Defenders make an invaluable part of any adventuring party. Many monsters have quite nasty attacks, and when monsters are free to use those attacks to their full effect against a vulnerable controller, striker or leader, an encounter can quickly turn into a defeat for the player characters. Defenders make the whole party's job easier by limiting monsters' ability to do just this, and thus enable their allies to act unhindered.
The prototypical tank defends by balancing their defenses against a punishing mark. This poses a dilemma for the marked foe - do they attack the defender, and thus waste their attacks on the most durable opponent, or do they ignore the mark, attacking who they had planned to attack, but at the cost of a -2 penalty to hit and quite possibly an additional form of punishment, such as a fighter's combat challenge attack?
A good defender thus combines their high defenses with their mark to thwart their enemies' attacks, regardless of the choice their enemy ultimately makes. This is known as the lose/lose dilemma of defending. If a marked enemy attacks the defender, they lose, and if they attack somebody else, they lose. This is an important point worth stressing - if a defender fails to make both horns of the dilemma sufficiently unappealing, then the defender cannot fulfil their role effectively. For example, a level 1 defender with AC 14, 23 hit points, and no defensive tricks to speak of will be crushed by anything they mark, and because they are probably the weakest member of the party anyway, using the mark will have achieved nothing (as it encourages enemies to do what was probably in their own interests anyway!)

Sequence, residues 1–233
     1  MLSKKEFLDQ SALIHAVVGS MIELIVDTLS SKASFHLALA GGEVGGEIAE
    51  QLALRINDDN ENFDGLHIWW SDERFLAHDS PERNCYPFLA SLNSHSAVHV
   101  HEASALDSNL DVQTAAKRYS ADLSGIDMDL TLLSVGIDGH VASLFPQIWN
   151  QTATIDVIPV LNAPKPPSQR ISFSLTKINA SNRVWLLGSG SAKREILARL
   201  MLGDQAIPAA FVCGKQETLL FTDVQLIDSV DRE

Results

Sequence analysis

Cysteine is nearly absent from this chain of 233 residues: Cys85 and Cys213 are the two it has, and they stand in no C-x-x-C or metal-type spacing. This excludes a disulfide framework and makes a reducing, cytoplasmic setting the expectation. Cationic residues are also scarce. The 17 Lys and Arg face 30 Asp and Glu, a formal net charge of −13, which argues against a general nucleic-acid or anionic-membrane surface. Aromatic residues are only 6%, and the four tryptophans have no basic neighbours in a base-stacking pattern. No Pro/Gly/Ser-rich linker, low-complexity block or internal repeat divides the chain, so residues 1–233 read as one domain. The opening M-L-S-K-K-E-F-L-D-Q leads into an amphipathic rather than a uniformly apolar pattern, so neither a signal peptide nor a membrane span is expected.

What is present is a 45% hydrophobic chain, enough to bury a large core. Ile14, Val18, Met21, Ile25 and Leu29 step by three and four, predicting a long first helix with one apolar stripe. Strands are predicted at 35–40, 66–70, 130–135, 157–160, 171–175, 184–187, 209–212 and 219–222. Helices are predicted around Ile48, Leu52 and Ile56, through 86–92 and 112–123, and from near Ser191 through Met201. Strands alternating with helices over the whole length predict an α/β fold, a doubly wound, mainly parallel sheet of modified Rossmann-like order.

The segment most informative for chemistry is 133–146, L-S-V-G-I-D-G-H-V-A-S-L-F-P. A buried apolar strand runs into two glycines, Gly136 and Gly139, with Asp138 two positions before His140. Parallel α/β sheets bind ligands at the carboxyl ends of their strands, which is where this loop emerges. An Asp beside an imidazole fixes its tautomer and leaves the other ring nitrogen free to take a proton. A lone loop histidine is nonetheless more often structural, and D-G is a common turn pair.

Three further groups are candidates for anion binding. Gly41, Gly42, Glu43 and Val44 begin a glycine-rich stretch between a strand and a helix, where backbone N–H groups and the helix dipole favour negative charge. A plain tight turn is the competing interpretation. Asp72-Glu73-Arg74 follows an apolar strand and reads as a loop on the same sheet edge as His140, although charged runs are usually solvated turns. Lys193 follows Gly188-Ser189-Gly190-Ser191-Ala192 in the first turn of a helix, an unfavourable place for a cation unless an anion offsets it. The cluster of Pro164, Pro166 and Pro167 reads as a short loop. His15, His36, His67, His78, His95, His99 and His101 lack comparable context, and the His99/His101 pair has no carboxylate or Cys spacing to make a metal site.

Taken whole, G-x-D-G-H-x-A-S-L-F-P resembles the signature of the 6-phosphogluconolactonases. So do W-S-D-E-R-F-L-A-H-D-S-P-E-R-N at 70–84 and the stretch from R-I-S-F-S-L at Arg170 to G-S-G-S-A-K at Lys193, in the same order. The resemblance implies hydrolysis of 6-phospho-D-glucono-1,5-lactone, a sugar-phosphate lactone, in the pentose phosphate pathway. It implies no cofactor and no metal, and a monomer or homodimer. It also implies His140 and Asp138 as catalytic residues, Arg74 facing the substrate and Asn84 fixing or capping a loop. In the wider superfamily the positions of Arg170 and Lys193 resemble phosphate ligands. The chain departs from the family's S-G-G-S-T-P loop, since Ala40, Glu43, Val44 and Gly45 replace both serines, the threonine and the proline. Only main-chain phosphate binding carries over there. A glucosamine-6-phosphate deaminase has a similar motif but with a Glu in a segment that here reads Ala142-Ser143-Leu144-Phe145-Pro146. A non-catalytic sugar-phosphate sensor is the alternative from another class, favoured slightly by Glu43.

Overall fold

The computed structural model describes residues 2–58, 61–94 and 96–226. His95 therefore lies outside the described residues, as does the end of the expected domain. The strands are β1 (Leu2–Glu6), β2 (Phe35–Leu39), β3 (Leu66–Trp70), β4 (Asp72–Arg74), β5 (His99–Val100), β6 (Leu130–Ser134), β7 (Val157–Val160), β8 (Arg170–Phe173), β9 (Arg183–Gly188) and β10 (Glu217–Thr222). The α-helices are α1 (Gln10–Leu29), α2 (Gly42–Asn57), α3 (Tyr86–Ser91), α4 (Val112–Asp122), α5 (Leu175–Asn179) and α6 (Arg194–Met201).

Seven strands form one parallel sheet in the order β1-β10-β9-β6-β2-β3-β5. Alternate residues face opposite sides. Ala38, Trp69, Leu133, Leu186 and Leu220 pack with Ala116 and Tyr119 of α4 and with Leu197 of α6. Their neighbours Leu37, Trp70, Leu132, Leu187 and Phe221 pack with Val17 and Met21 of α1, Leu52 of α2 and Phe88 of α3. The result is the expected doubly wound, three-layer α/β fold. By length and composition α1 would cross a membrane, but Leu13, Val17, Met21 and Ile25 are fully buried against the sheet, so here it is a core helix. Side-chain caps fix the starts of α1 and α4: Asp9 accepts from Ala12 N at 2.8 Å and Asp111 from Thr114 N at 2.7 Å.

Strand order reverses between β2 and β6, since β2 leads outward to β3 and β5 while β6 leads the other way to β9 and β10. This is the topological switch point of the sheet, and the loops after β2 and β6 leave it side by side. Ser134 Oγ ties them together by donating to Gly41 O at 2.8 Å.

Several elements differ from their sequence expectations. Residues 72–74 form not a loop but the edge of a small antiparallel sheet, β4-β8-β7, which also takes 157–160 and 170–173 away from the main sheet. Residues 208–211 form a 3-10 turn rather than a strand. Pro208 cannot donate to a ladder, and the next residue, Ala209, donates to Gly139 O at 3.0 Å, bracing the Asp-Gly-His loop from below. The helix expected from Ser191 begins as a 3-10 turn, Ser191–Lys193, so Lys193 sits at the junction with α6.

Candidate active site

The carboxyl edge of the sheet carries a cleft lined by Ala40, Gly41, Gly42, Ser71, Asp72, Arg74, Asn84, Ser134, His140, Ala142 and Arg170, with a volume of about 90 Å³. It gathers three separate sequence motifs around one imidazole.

It is important to note right from the outset that when I use the term "punishment" I usually mean it in a generic fashion, covering any outcome that is unfavorable for the enemy and thus can be used as a punishment or deterrence for a given course of action. Different defenders have different means of "punishing" enemies for attacking their allies. Fighters, Paladins and Assault Swordmages do it primarily by dealing damage. Shielding Swordmages punish enemies by reducing the damage they deal. Wardens and Ensnaring Swordmages are more likely to punish enemies with forced movement and making them more vulnerable to future attacks. The two key features of punishment are that it is conditional upon the target taking a particular action and that it is undesirable to them and thus gives them a reason not to take that action.
Because marks from multiple defenders do not stack (they overwrite each other), two defenders usually cannot effectively both "tank" a given enemy at the same time. However, there are a number of ways that a second defender can synergise beautifully with the other party's defender, and the purpose of this guide is to illustrate but a few of the ways that two defenders can work together well.
As are all guides, this is very much a work in progress. As I don't have encyclopaedic knowledge of every class, I'd be eternally grateful of any feedback and suggestions - particularly any interesting second-defender powers or builds that I've neglected to mention. I will have missed most of them while the guide is still new :D